So, I'm going to lay out a plan for you that you can implement inside your own organization, or you can implement this yourself if you are a self-performing person to develop yourself in 3-to-6 months. So ideally, you would use our training programs, but I'm going to set that aside and I'm going to talk as if our training programs don't exist, and you're doing this yourself.
First thing I'm going to do is get the Honeywell Gray Manual. I would master what inputs and outputs are, and control processes, and control modes. If you learn inputs, outputs, control processes, and control modes, you're going to be ahead of the curve on most technicians who are even at the 3-year mark. There are technicians who are at the 10-year mark, who cannot tell you how a PID loop works or how to tune one. So, understand that and that's pretty straightforward.
Then from there, I would get some electrical knowledge. I would understand, obviously electrical safety, OSHA 10 stuff, right. I would understand circuitry, I would understand several simple circuits, parallel circuits, series circuits. I'd understand transformer sizing, like apparent power versus real power, those kind of things. I would understand volts DC versus milliamp versus volts AC versus ohms versus continuity, all these electrical concepts.
Once I understand those things, that's going to enable me to apply that knowledge to my inputs and outputs that I learned earlier. Additionally, I've learned some basic installation. So, I would do a job shadow and just realize how do people install airflow sensors, airflow pressure switches, water flow sensors, water pressures, water flow switches, actuators, relays, temperature sensors, averaging and probes, well sensors, etc., and status and switches, etc. So, I would learn all of those inputs and how do they get properly installed? Where do I place them?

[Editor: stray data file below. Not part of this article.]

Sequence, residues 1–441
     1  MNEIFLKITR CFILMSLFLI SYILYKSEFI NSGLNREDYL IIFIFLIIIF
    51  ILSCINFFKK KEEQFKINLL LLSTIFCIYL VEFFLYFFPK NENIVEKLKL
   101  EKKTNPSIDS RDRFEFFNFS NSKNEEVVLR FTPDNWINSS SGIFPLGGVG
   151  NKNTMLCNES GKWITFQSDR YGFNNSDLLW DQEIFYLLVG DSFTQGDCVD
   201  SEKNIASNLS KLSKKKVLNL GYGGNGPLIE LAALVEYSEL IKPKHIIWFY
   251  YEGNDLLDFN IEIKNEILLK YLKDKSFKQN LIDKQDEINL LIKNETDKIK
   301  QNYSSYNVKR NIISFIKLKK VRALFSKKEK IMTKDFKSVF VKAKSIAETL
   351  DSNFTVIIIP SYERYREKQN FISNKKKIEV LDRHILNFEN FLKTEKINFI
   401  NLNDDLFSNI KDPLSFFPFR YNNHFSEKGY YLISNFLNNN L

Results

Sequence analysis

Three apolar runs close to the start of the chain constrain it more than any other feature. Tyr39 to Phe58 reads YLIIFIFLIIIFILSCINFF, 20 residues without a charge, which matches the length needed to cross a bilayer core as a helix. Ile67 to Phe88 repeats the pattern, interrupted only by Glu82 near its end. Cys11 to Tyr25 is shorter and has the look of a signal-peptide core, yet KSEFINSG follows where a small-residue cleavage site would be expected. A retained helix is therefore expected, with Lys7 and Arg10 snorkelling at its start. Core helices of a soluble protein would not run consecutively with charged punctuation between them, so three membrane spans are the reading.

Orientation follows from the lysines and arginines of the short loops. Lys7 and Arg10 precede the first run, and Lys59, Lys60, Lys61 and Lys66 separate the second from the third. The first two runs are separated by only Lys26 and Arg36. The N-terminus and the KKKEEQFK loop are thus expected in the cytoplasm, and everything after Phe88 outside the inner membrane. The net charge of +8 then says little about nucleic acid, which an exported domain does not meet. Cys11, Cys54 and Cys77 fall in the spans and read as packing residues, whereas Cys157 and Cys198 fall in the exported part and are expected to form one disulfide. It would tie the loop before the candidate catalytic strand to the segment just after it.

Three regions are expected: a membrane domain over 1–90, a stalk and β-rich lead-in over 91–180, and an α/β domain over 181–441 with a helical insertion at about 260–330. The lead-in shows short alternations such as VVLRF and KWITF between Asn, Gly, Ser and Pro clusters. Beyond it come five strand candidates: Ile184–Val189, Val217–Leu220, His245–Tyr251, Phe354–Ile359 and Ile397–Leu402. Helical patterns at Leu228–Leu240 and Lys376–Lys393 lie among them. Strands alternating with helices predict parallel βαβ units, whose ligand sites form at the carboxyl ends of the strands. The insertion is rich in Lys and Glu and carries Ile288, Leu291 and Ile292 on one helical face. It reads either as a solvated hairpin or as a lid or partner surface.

Okay, so you have a pretty solid knowledge set there. Now you have to build upon that with some HVAC theory, not HVAC knowledge, but theory. I'd go from there, once again to the Honeywell Gray Manual, as well as the old Trane and Johnson Controls HVAC books. There's two of them, they're floating around, they're really hard to find, but both of them give really good knowledge of HVAC theory. I would learn that, and I would specifically focus in on understanding psychometrics, heat transfer, building pressure, infiltration and exfiltration.